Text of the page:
The Toki is an unorthodox take from the regular Japanese expressions, where the key constituents are usually summoned from the Yamazaki distillery. This grain-malt mix however is a fusion from all the three Suntory greats – Yamazaki, Hakushu and Chita, in varying forms and proportions.
The whisky’s grain constituents make their way from the Chita distillery while the malts from Hakashu, aged in American Oak and Yamazaki matured in Spanish and American oak casks. The resulting blend is a unison of sweet and floral nuances, that are all nicely tied together with the mild peatiness from the Hakashu malts.
The bottle too strays from the traditional ‘give away’ Suntory style. Distinct and exclusive with a more modern take of Japanese styling, adorned with corners, ridges and contours, yet keeping with the traditional oriental calligraphy.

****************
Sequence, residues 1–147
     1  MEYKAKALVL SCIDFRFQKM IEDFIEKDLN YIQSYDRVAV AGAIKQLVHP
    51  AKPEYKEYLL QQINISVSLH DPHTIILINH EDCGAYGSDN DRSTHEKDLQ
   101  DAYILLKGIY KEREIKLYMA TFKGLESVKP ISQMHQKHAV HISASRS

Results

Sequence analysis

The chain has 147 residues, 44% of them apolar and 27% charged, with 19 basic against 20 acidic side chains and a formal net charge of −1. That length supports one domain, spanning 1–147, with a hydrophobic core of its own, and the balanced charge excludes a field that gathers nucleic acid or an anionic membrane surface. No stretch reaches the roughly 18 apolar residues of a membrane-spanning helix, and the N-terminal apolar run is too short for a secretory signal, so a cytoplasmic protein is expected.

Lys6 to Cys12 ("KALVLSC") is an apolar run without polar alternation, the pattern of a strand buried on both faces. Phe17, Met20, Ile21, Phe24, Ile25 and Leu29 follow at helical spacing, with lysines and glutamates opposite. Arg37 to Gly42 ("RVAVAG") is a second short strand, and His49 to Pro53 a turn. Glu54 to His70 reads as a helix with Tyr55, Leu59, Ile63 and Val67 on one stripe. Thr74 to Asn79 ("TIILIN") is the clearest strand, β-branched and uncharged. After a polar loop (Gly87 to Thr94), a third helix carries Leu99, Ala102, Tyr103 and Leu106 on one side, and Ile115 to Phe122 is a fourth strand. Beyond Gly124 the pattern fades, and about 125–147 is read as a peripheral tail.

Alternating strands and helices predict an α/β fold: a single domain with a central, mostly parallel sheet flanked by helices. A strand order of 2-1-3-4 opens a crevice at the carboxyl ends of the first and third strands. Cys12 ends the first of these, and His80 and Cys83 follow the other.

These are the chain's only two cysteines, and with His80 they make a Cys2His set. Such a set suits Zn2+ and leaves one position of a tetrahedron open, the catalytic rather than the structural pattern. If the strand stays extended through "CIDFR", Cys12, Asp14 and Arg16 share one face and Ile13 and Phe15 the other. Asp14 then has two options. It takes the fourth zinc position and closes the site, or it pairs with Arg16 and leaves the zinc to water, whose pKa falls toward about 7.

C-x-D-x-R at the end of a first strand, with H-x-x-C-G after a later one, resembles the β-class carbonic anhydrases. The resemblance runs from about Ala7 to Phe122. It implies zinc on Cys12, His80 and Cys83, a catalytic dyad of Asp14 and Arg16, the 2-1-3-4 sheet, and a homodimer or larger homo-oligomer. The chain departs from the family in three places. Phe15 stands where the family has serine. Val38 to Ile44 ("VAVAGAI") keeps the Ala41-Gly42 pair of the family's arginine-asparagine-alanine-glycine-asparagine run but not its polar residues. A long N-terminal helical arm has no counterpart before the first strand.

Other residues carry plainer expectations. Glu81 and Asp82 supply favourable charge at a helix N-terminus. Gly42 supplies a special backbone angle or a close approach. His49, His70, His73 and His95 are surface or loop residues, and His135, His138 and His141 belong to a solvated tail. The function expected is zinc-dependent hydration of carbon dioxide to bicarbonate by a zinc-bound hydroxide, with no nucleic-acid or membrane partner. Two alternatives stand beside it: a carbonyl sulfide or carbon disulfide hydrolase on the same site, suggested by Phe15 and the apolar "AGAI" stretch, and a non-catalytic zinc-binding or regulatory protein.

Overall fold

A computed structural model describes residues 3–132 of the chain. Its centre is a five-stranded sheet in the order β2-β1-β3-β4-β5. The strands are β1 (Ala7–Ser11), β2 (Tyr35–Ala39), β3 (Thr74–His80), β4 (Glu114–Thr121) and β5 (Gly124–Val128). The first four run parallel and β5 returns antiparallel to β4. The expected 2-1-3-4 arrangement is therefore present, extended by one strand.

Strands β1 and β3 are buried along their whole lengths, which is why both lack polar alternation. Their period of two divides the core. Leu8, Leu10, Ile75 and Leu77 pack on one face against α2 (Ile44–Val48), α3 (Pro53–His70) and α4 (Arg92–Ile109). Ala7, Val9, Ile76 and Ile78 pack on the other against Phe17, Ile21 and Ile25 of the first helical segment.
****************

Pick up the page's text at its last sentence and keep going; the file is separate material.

ABV : 43%
Eye : Pale Gold
Nose : Vanilla, cream and honey coupled with the soft sweetness of golden raisins and some acidity from pineapples and green apples. There’s a mild olive like earthiness followed by ginger, cardamom and pepper.
Taste: Honey and vanilla infused with grain and mild sherry influences. There’s a trailing ginger spice with a pinch of pepper.
Finish : Short to medium | Vanilla and pepper.
The Toki is a near disappointment, and is far from what I imagine a Japanese whisky to be. Yes, it is light and subtle but doesn’t exhibit that range of flavours and floral notes that I would have otherwise expected. This expression is sweet with pinches of its sherry and bourbon cask influence showing off, but not enough pull to make it the centre point of discussion.
I don’t believe this whisky can stand tall on its own, but needs an accompanyment – some sparkling water or additives to give form to a more comforting cocktail. Perhaps that was how the distillers intended this whisky to be, for the masses? Having said that, it is quite expensive, the cost solely being due to its eastern DNA and treasured bloodline.